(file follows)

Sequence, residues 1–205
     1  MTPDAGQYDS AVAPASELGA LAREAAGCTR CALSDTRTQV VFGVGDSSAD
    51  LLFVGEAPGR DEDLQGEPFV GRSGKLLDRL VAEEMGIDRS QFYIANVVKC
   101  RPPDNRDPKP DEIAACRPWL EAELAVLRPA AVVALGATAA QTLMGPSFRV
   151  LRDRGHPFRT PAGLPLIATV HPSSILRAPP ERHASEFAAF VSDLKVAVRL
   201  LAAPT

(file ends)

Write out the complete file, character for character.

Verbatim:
Sequence, residues 1–205
     1  MTPDAGQYDS AVAPASELGA LAREAAGCTR CALSDTRTQV VFGVGDSSAD
    51  LLFVGEAPGR DEDLQGEPFV GRSGKLLDRL VAEEMGIDRS QFYIANVVKC
   101  RPPDNRDPKP DEIAACRPWL EAELAVLRPA AVVALGATAA QTLMGPSFRV
   151  LRDRGHPFRT PAGLPLIATV HPSSILRAPP ERHASEFAAF VSDLKVAVRL
   201  LAAPT